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Has South Ossetia's President Fallen Out Of Favor With Moscow?

Has Putin (left) lost patience with South Ossetia's Eduard Kokoity?

Has Putin (left) lost patience with South Ossetia's Eduard Kokoity?

In the run-up to the celebration of the first anniversary of Russia's formal recognition of Abkhazia and South Ossetia as independent states, Georgian Deputy Foreign Minister Aleksandr Nalbandov was quoted as denouncing as "the height of cynicism" a purported planned visit to Tskhinvali on August 26 by Russian Prime Minister Vladimir Putin and Moscow Mayor Yury Luzhkov to participate in the anniversary celebration.

That visit, however, did not take place. Instead, South Ossetian President Eduard Kokoity travelled to Moscow on August 26 to sign an intergovernmental agreement with Putin, who observed pointedly that "inertia" has hindered postconflict reconstruction in South Ossetia. "Much has still to be done, and much has to be started from scratch," Putin added.

Two Russian commentators have construed Putin's comments, in conjunction with the failure of North Ossetian President Taymuraz Mamsurov to attend the anniversary celebrations in Tskhinvali, as reflecting Moscow's annoyance and possibly disillusion with Kokoity, who is widely regarded as incompetent and corrupt. The Russian daily "Vremya novostei" on August 27 quoted Kokoity as having told his closest associates before his departure for Moscow that he plans to take "extended leave."

The most obvious source of friction between Kokoity and the Russian leadership is the ongoing harassment of Stroiprogress, a subsidiary company of Russia's Gazprom that has just completed construction of a gas pipeline that will supply Tskhinvali with Russian gas. (The formal commissioning of the pipeline coincided with Kokoity's meeting with Putin.)

The owner of Stroiprogress, businessman Albert Dzhussoyev, is one of Kokoity's main political rivals. A recent investigation into the operations of Dzhussoyev's First Republican Bank reportedly uncovered numerous financial violations, and the South Ossetian authorities threatened to rescind the bank's license on the grounds that it was issued in violation of existing legislation.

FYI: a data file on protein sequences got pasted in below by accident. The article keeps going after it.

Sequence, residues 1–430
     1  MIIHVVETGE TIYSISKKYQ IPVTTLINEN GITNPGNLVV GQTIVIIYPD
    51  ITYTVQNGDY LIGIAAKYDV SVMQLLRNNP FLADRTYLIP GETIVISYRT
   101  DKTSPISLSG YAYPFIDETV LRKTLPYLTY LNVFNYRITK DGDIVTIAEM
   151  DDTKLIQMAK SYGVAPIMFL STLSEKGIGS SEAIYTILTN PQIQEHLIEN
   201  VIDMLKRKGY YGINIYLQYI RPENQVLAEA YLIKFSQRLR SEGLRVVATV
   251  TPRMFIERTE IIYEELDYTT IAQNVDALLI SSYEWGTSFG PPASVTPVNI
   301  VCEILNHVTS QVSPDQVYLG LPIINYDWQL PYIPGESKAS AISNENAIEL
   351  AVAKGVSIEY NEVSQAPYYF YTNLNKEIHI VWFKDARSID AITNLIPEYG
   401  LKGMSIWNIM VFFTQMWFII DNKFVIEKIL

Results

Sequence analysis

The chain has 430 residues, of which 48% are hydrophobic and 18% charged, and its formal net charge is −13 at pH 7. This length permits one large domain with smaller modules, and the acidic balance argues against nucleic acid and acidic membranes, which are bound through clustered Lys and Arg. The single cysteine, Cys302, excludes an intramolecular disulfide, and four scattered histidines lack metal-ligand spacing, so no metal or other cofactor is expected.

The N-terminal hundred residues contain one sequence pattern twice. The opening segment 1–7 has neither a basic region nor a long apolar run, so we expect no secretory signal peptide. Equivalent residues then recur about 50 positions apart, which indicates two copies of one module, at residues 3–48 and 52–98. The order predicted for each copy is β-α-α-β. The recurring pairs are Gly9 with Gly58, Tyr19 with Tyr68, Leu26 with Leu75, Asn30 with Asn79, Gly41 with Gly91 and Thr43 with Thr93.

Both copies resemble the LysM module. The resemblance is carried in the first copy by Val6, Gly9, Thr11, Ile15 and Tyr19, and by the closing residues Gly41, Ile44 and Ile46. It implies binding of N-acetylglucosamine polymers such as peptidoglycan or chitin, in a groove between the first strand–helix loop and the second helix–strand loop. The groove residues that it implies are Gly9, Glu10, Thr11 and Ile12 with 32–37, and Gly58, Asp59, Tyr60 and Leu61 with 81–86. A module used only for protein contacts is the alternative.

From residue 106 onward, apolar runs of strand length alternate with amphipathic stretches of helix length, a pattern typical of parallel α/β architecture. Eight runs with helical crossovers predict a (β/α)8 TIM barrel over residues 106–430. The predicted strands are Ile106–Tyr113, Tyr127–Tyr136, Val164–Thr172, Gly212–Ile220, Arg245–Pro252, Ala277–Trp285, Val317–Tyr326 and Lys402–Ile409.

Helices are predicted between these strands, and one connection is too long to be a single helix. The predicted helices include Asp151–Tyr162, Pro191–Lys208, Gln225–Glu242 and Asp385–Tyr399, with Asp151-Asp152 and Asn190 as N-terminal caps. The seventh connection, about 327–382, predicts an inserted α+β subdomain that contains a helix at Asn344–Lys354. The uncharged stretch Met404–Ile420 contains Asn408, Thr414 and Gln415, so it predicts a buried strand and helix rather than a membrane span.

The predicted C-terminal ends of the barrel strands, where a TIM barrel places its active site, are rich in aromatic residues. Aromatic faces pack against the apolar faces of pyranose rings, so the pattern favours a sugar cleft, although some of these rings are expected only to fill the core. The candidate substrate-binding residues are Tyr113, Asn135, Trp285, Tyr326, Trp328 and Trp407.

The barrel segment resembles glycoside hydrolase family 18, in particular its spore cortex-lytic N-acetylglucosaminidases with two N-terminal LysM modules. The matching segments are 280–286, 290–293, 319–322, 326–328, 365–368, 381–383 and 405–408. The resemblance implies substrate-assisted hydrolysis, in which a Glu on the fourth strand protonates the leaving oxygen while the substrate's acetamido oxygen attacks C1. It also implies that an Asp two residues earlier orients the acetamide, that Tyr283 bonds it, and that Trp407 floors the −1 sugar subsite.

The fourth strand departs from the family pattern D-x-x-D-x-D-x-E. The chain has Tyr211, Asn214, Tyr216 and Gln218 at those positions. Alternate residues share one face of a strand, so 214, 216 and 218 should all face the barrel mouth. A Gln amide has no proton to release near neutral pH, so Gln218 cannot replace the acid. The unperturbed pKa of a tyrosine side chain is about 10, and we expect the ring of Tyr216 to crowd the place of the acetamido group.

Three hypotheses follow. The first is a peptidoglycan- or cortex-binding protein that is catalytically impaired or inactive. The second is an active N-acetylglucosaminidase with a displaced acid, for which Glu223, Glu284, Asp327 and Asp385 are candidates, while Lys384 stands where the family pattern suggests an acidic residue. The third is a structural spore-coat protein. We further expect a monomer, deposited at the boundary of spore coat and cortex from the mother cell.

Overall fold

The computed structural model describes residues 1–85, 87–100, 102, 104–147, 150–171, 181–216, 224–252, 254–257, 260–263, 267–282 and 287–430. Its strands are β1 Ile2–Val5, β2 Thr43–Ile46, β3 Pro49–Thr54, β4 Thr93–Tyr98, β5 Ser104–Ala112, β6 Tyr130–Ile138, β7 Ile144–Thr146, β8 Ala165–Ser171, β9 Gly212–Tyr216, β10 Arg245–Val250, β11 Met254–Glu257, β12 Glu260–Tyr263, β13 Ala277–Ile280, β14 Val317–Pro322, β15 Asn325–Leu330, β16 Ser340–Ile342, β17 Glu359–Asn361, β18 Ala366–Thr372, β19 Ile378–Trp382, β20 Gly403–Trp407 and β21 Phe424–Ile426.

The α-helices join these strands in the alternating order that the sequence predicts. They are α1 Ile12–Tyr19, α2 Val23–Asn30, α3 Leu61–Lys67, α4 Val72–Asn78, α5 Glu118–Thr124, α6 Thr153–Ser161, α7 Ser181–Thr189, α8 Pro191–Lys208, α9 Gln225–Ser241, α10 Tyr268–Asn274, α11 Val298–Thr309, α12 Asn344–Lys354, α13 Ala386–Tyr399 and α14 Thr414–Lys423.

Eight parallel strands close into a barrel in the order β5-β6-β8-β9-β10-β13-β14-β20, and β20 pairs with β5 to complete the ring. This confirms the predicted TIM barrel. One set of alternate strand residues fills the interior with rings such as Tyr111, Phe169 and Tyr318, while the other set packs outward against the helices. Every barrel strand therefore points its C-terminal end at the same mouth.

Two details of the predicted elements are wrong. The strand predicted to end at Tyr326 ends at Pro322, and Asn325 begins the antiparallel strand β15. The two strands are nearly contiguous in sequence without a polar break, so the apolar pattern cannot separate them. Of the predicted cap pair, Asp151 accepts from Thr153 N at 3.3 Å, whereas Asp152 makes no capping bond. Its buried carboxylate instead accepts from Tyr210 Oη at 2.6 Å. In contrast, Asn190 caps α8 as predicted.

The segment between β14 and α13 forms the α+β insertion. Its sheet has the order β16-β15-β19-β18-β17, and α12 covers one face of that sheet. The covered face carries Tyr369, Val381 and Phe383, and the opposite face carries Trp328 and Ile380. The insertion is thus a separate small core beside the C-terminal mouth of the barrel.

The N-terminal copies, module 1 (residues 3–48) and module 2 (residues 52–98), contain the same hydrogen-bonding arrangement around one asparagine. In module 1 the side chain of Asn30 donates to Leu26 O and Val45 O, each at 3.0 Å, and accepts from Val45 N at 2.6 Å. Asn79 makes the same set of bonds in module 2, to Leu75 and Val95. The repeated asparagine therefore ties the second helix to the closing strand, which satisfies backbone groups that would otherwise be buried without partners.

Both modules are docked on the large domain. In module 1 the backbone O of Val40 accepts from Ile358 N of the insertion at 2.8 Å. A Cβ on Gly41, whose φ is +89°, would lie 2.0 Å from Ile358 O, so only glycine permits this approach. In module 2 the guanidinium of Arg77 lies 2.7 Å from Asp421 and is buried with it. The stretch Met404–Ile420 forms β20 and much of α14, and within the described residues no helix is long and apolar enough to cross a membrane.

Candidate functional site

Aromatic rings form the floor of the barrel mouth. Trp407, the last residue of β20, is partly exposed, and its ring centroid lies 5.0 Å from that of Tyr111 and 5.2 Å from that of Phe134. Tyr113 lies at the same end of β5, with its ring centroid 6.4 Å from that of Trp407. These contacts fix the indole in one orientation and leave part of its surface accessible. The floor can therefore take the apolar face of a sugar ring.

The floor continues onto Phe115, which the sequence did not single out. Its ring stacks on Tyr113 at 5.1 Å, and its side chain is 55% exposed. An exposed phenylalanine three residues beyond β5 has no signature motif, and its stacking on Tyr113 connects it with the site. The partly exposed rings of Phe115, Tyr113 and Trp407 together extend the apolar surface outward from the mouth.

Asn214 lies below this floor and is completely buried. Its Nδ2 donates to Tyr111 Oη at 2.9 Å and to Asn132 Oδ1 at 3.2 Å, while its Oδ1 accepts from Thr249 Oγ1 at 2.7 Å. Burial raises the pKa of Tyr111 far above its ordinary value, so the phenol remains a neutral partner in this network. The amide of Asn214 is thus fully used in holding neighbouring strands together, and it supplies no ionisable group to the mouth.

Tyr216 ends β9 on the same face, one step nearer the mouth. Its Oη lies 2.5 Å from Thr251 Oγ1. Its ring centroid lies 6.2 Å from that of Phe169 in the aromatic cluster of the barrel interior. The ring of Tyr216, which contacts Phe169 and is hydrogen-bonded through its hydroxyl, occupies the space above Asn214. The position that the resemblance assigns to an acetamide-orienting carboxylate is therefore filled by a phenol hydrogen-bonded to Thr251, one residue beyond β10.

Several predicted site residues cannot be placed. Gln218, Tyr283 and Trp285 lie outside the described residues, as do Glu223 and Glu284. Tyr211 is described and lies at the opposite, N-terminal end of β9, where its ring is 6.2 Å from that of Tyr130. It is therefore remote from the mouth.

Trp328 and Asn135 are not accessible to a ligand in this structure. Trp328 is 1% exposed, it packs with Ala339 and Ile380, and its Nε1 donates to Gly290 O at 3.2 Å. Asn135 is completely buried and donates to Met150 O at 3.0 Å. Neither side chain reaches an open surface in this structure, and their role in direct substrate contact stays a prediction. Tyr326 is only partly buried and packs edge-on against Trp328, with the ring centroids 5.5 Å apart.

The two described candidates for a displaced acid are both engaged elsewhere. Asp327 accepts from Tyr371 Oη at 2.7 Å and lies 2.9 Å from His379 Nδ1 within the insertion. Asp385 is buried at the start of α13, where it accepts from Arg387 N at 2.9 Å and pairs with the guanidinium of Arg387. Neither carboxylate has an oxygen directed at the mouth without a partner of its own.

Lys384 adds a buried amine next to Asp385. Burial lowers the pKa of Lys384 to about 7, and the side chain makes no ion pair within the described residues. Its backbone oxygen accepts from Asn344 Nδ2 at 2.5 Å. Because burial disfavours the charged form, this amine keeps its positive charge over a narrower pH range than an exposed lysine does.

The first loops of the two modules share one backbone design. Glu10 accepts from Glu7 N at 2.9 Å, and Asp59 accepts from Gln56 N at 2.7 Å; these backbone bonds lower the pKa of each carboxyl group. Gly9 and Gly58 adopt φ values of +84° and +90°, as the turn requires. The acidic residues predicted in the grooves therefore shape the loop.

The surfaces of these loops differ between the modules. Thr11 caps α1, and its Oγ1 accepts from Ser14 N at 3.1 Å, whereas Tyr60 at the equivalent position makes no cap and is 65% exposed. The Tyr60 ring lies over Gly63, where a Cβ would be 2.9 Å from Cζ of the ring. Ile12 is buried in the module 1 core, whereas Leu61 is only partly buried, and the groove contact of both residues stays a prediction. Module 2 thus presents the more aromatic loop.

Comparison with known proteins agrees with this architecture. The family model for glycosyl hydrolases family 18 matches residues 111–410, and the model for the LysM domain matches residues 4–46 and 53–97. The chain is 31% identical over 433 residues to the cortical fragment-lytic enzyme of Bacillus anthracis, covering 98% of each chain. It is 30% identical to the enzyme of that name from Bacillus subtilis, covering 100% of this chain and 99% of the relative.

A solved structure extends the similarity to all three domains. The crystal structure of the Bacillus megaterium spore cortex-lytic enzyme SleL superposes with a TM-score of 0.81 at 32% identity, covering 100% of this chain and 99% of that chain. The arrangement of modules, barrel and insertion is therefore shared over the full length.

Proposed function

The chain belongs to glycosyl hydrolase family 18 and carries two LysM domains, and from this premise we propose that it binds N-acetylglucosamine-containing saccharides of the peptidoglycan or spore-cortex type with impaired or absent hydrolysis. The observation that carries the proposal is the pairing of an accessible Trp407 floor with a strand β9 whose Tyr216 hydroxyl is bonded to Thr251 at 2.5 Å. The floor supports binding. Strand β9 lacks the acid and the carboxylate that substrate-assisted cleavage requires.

During the night of August 23-24, all Stroiprogress's construction machinery and equipment on South Ossetian territory was impounded without prior notice. Meeting with Russian State Duma deputies on August 26, Kokoity accused Dzhussoyev of tax evasion; but Stroiprogress is registered in Russia and therefore pays taxes there, rather than in South Ossetia. Other companies owned by Dzhussoyev have invested considerable sums in infrastructure projects in South Ossetia over the past few years, in light of which Kokoity's accusations look both petty and politically motivated.

About This Blog

This blog presents analyst Liz Fuller's personal take on events in the region, following on from her work in the "RFE/RL Caucasus Report." It also aims, to borrow a metaphor from Tom de Waal, to act as a smoke detector, focusing attention on potential conflict situations and crises throughout the region. The views are the author's own and do not represent those of RFE/RL.